Some books become good friends. They not only stimulate our minds, but they also speak to our very souls. The Individualists: Radicals, Reactionaries, and the Struggle for the Soul of Libertarianism, by Matt Zwolinski and John Tomasi, is such a book. The two authors do everything humanly possible to uncover and reveal the deepest roots of modern and post-modern libertarianism, tracing its very diverse and tenuous strands back to the eighteenth and nineteenth centuries, noting that, ultimately, it’s a radical form of classical liberalism. At one level, it’s a biography of the very idea of libertarianism, but at another level, it’s an intellectual autobiography of anyone who considers him- or herself libertarian.
Indeed, Zwolinski and Tomasi dig deeply into every strand of libertarianism, finding its classical liberal origins in eighteenth-century Scotland, in nineteenth-century Great Britain and France, and, in nineteenth-century America, especially in the abolitionist movements in New England and the American Midwest. Yet, the authors caution, libertarianism is not simply classical liberalism, but rather a radicalization of it.
Libertarianism in its strict form was born at the midpoint of the nineteenth century as a radicalized version of classical liberalism. Where classical liberals treated liberty as a strong but defeasible presumption, libertarians extolled it as a moral absolute. The principle of liberty, for libertarians, is universal in the scope of its application, covering persons of all ages, races, nationalities, and genders. Its moral force is definitive, overriding any and all other competing moral values, including the “public good” to which classical liberals so often appealed to justify state action.
Much like Russell Kirk’s lineage of 29 figures in his magisterial 1953 work, The Conservative Mind, The Individualists presents its own quasi-hagiography of thinkers, both orthodox and heterodox (terms the authors employ), who populate the libertarian timescape. John Locke, Adam Smith, Adam Ferguson, David Hume, Frédéric Bastiat, Herbert Spencer, Lysander Spooner, Benjamin Tucker, H. L. Mencken, Albert Jay Nock, Isabel Paterson, Rose Wilder Lane, Ayn Rand, Leonard Read, Ludwig Von Mises, Friedrich Hayek, Milton Friedman, Murray Rothbard, James Buchanan, Douglas Den Uyl, Douglas Rasmussen, Robert Nozick, David Beito, Randy Barnett, and David Schmidtz all make appearances. Unlike Kirk, however, Zwolinski and Tomasi rarely offer biographical details of their descendants, but rather highlight the intellectual contributions each made to libertarianism itself. There are a few exceptions. For example, the authors do delve into the life—at least partially—of Spooner. But, in general, the book focuses on the ideas.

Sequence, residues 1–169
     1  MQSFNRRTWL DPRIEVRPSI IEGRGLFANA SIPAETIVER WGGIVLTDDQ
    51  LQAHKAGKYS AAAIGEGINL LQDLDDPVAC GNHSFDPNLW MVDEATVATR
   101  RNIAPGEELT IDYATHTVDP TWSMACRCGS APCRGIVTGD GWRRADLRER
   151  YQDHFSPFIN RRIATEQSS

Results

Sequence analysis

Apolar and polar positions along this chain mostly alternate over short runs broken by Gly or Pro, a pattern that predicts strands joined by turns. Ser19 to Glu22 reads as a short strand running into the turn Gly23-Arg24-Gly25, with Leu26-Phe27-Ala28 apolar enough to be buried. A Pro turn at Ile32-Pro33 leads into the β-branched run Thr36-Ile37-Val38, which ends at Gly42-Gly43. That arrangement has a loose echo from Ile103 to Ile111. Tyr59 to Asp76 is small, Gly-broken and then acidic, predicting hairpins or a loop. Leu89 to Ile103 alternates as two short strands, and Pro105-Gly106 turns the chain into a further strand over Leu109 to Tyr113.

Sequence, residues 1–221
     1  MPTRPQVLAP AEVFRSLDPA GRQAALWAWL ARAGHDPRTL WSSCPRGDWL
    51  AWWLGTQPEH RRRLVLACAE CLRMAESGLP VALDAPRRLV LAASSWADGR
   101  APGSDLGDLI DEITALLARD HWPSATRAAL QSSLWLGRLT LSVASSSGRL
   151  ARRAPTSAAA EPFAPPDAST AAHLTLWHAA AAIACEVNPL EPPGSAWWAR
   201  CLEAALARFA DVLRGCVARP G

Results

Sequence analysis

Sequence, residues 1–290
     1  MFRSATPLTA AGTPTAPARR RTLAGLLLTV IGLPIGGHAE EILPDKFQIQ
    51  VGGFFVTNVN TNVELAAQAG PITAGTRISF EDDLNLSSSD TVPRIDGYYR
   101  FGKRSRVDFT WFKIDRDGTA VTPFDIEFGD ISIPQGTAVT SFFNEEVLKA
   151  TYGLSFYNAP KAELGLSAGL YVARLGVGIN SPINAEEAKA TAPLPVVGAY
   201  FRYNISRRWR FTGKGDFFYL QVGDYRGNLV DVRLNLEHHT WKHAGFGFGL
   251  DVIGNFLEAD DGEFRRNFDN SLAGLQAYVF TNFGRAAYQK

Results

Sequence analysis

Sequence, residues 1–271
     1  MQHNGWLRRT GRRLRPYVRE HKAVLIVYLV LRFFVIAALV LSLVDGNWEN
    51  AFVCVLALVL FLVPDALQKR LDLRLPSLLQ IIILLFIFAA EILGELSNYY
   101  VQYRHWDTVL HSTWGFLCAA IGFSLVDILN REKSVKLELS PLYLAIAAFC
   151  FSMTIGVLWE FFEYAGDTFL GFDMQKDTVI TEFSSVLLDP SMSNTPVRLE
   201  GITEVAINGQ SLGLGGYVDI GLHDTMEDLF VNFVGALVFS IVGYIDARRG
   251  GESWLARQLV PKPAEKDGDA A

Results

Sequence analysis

Even with the presentation of this vast landscape of personalities, one must ask, what exactly does libertarianism mean, especially to Zwolinski and Tomasi? The two answer directly: “We see libertarianism as a distinctive combination of six key commitments: property rights, negative liberty, individualism, free markets, a skepticism of authority, and a belief in the explanatory and normative significance of spontaneous order.” Here again, The Individualist reflects Kirk’s The Conservative Mind, which also offered six tenets or canons of conservatism. Yet (yes, there’s always a yet with libertarianism), not all is as calm or as certain as one might first believe. That is, libertarianism is not a cut-and-dried ideology with one size fitting all, even though the authors sometimes refer to it as “an intellectual system.”
In terms of its theoretical foundations, libertarianism is uncompromising in its radicalism. In practice, however, not all libertarians were comfortable embracing the wholesale upheaval of existing institutions—and privileges. From its beginning, then, libertarianism has attracted a mix of radical and reactionary elements: those who were eager to follow the dictates of libertarian justice wherever they might lead, and those who saw in libertarianism a rationale for defending the status quo against change. The tension between progressive and reactionary elements, a tension within the very soul of libertarianism, is the major theme of this book.
The radical aspect of libertarianism is captured clearly in the book. For instance, in chapter five, dealing with “Big Business and Free Markets,” Zwolinski and Tomasi write: “Contrary to popular mythology, then, socialists and libertarians actually have more in common with each other than they do with their common ideological enemy, conservatism.” On the other side, though, are those libertarians who believe so strongly in property rights that they might very well forsake justice, even when that property originally came to someone through illiberal means.